Dean’s statement on the Fall 2020 and Winter 2021 Terms

Posted on July 30, 2020

Dear students of the Faculty of Engineering and Applied Science,

As we draw closer to September, I’m happy to report that our plans for the Fall term, as well as the Winter 2021 term, are becoming clearer.

One thing we are learning from this issue is the many challenges around predicting the evolution and consequences of a pandemic.

Flexibility, adaptability, and lateral thinking are all key attributes of excellence in engineering. Your ability to adapt to these circumstances, and your understanding as we adjust and refine our plan in parallel with substantial programming modifications, is much appreciated.

The Faculty of Engineering and Applied Science has arrived at a plan that provides the best possible quality of education to our students, follows the best guidance of public health officials, and gives us the flexibility we need to adjust should things shift in unexpected directions.

The essential information is we are anticipating remote delivery to our undergraduate students in the Fall semester, and on-campus delivery of experiential small-group work in the Winter semester.

The exception to this is graduate students, who may have lab or research work that requires them to be on campus for the Fall 2020 semester as well. We encourage graduate students who have not yet heard from their departments to get in touch with their graduate coordinators.

Some of our students have made plans to return to the campus this fall, either in residence or private accommodations. We welcome them back to Queen’s, but want to assure students who choose to pursue their education remotely in the Fall 2020 term that they will receive the same excellent quality of instruction as those who join us here in Kingston.

We are looking forward to welcoming all our students back in Winter term, as FEAS proposes to offer a “blended” delivery model to our students in the Winter 2021 semester.

A blended model is one that offers course content online (lectures, seminars, readings), but delivers experiential learning in person. This is a proven educational delivery method that’s been used successfully by FEAS and other Queen’s departments in the past, pre-pandemic. It allows students to “go to class” on their own schedule, while maximizing the utility of in-person instruction by dedicating it to direct work with instructors: lab work, active learning, tutorials, group design projects, fieldwork, etc.

We will, of course, be complying with Public Health directives and advice to ensure a safe environment for all in-person activities.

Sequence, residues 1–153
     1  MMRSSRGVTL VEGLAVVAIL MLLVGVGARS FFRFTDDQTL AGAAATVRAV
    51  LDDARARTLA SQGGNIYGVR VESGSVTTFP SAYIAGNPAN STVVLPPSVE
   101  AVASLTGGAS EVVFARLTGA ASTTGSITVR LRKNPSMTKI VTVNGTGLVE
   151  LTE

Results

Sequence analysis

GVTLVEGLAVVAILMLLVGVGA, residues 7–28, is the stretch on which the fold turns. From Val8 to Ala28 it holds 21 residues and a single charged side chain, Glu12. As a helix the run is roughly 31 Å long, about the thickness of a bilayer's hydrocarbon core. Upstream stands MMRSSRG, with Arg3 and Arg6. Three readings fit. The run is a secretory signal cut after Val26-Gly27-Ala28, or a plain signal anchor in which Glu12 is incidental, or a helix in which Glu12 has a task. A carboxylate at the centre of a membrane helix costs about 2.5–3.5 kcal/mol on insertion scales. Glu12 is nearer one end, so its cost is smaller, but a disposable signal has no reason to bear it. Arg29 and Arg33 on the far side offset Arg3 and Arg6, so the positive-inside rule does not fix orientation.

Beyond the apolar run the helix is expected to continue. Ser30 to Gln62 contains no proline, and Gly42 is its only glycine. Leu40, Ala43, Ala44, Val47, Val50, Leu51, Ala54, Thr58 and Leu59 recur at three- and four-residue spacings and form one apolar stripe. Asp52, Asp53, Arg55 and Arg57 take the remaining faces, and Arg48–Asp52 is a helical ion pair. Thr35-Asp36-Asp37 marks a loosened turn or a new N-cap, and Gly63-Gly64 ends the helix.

Over the summer, we have consulted with our departments to identify course elements that require face-to-face instruction. These include some core courses in all years that are necessary for degree progression, and form part of the program learning outcomes needed for CEAB accreditation, capstone experiences, group design projects, prototyping activities, field activities, and more.

We are also innovating in how we deliver our programs; in the Fall semester, some CHEE and GEO classes will be offered as split six-week intensives in the first semester, either in the first six weeks or last six weeks of the Fall term. Similarly, we may break lab and fieldwork out as short-term intensive work in the Winter term.

Of course, this is a plan that is still being refined. We don’t have the answers to all the questions yet (nor are we even sure of what all the questions may be!), but each day sees more details falling into place.  

As announced by the university, Queen’s will be prioritizing residence space for first-year students with on-campus learning requirements, but has not been able to offer its traditional guarantee of a residence space for all first-year students due to public health requirements. We will continue to update our first-year class on this situation through the coming months. We will place incoming students as space becomes available.

The university is hopeful that we will be able to accommodate everyone in residence by the Winter term.  If spaces are not available for all students by the beginning of the Winter 2021 term, our programming will be adjusted to ensure remote students receive the full benefit of Queen’s Engineering courses.

We have already launched some resources for our first-year students, including a digital version of the campus orientation program SOAR, and our QEng Prep bridging program – an innovative way for incoming students to assess their knowledge of math, physics and chemistry and then improve their skills with free online courses from Queen’s Engineering before starting school.

There’s more to come, and we will be in touch with further announcements in August as we finalize some truly exciting projects to help us navigate a successful return to school.

This has been the result of a tremendous amount of work, dedication, and especially ingenuity and flexibility from all our staff and faculty – who have also been impacted significantly by this pandemic. I thank them – and you – for your hard work, patience, and understanding as we work together to overcome obstacles and thrive in these challenging circumstances.

Dean Kevin Deluzio